8. Apsner R, Schwarzenhofer M, Derfler K, Zauner C, Ratheiser K, Kranz A: Impairment of citrate metabolism in acute hepatic failure. Wien Klin Wochenschr 1997;109:123–127.
  9. Kramer L, Bauer E, Joukhadar C, Strobl W, Gendo A, Madl C, Gangl A: Citrate pharmacokinetics and metabolism in cirrhotic and noncirrhotic critically ill patients. Crit Care Med 2003;31:2450–2455.
  10. Meier-Kriesche HU, Gitomer J, Finkel K, Du Bose T: Increased total to ionized calcium ratio during continuous venovenous hemodialysis with regional citrate anticoagulation. Crit Care Med 2001;29:748–752.
  11. Bakker AJ, Boerma EC, Keidel H, Kingma P, van der Voort PH: Detection of citrate overdose in critically ill patients on citrate-anticoagulated venovenous haemofiltration: use of ionised and total/ionised calcium. Clin Chem Lab Med 2006;44:962–966.
  12. Joannidis M, Oudemans-van Straaten HM: Clinical review: patency of the circuit in continuous renal replacement therapy. Crit Care 2007;11:218.
  13. Bohler J, Schollmeyer P, Dressel B, Dobos G, Horl WH: Reduction of granulocyte activation during hemodialysis with regional citrate anticoagulation: dissociation of complement activation and neutropenia from neutrophil degranulation. J Am Soc Nephrol 1996;7:234–241.
  14. Bos JC, Grooteman MP, van Houte AJ, Schoorl M, van Limbeek J, Nube MJ: Low polymorphonuclear cell degranulation during citrate anticoagulation: a comparison between citrate and heparin dialysis. Nephrol Dial Transplant 1997;12:1387–1393.
  15. Gabutti L, Ferrari N, Mombelli G, Keller F, Marone C: The favorable effect of regional citrate anticoagulation on interleukin-1beta release is dissociated from both coagulation and complement activation. J Nephrol 2004;17:819–825.
  16. Gritters M, Grooteman MP, Schoorl M, Schoorl M, Bartels PC, Scheffer PG, Teerlink T, Schalkwijk CG, Spreeuwenberg M, Nube MJ: Citrate anticoagulation abolishes degranulation of polymorphonuclear cells and platelets and reduces oxidative stress during haemodialysis. Nephrol Dial Transplant 2006;21:153–159.
  17. Bohler J, Donauer J, Birmelin M, Schollmeyer PJ, Horl WH: Mediators of complement-independent granulocyte activation during haemodialysis: role of calcium, prostaglandins and leukotrienes. Nephrol Dial Transplant 1993;8:1359–1365.
  18. Andersson T, Dahlgren C, Pozzan T, Stendahl O, Lew PD: Characterization of fMet-Leu-Phe receptor-mediated Ca2+ influx across the plasma membrane of human neutrophils. Mol Pharmacol 1986;30:437–443.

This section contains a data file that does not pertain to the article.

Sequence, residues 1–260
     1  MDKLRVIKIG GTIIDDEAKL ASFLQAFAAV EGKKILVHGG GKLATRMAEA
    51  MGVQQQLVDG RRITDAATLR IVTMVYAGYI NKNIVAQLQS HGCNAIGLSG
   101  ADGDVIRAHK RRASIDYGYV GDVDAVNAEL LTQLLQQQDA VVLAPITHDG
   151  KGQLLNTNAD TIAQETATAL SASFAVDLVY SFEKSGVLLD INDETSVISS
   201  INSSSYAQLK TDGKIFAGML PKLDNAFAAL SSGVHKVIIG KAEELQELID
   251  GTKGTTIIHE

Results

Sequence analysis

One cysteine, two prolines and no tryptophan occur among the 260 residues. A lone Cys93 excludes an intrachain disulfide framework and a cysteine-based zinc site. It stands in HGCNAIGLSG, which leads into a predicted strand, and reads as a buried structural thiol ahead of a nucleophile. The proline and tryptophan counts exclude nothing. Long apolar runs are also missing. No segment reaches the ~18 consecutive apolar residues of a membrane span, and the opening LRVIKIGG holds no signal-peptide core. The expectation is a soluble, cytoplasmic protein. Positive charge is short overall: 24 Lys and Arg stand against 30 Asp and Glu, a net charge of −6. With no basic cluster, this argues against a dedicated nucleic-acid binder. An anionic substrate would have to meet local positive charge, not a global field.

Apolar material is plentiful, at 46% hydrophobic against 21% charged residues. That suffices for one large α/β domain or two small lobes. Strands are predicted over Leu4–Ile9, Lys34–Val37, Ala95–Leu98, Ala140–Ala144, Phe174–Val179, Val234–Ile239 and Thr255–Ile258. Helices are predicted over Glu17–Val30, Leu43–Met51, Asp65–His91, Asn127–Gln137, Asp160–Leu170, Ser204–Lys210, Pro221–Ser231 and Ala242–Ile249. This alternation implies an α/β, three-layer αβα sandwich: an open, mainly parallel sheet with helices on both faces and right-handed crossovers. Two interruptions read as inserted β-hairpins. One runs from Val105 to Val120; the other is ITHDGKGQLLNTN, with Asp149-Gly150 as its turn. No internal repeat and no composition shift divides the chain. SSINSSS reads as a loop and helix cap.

19. Leitienne P, Fouque D, Rigal D, Adeleine P, Trzeciak MC, Laville M: Heparins and blood polymorphonuclear stimulation in haemodialysis: an expansion of the biocompatibility concept. Nephrol Dial Transplant 2000;15:1631–1637.
  20. Gritters M, Borgdorff P, Grooteman MP, Schoorl M, Schoorl M, Bartels PC, Tangelder GJ, Nube MJ: Platelet activation in clinical haemodialysis: LMWH as a major contributor to bio-incompatibility? Nephrol Dial Transplant 2008;23:2911–2917.
  21. Borawski J: Myeloperoxidase as a marker of hemodialysis biocompatibility and oxidative stress: the underestimated modifying effects of heparin. Am J Kidney Dis 2006;47:37–41.
  22. Hoffmann JN, Vollmar B, Laschke MW, Inthorn D, Kaneider NC, Dunzendorfer S, Wiedermann CJ, Romisch J, Schildberg FW, Menger MD: Adverse effect of heparin on antithrombin action during endotoxemia: microhemodynamic and cellular mechanisms. Thromb Haemost 2002;88:242–252.
  23. Kaneider NC, Forster E, Mosheimer B, Sturn DH, Wiedermann CJ: Syndecan-4-dependent signaling in the inhibition of endotoxin-induced endothelial adherence of neutrophils by antithrombin. Thromb Haemost 2003;90:1150–1157.
  24. Cornet AD, Smit EG, Beishuizen A, Groeneveld AB: The role of heparin and allied compounds in the treatment of sepsis. Thromb Haemost 2007;98:579–586.
  25. Weinberg JM, Venkatachalam MA, Roeser NF, Nissim I: Mitochondrial dysfunction during hypoxia/reoxygenation and its correction by anaerobic metabolism of citric acid cycle intermediates. Proc Natl Acad Sci USA 2000;97:2826–2831.
  26. Feldkamp T, Weinberg JM, Horbelt M, Von Kropff C, Witzke O, Nurnberger J, Kribben A: Evidence for involvement of nonesterified fatty acid-induced protonophoric uncoupling during mitochondrial dysfunction caused by hypoxia and reoxygenation. Nephrol Dial Transplant 2009;24:43–51.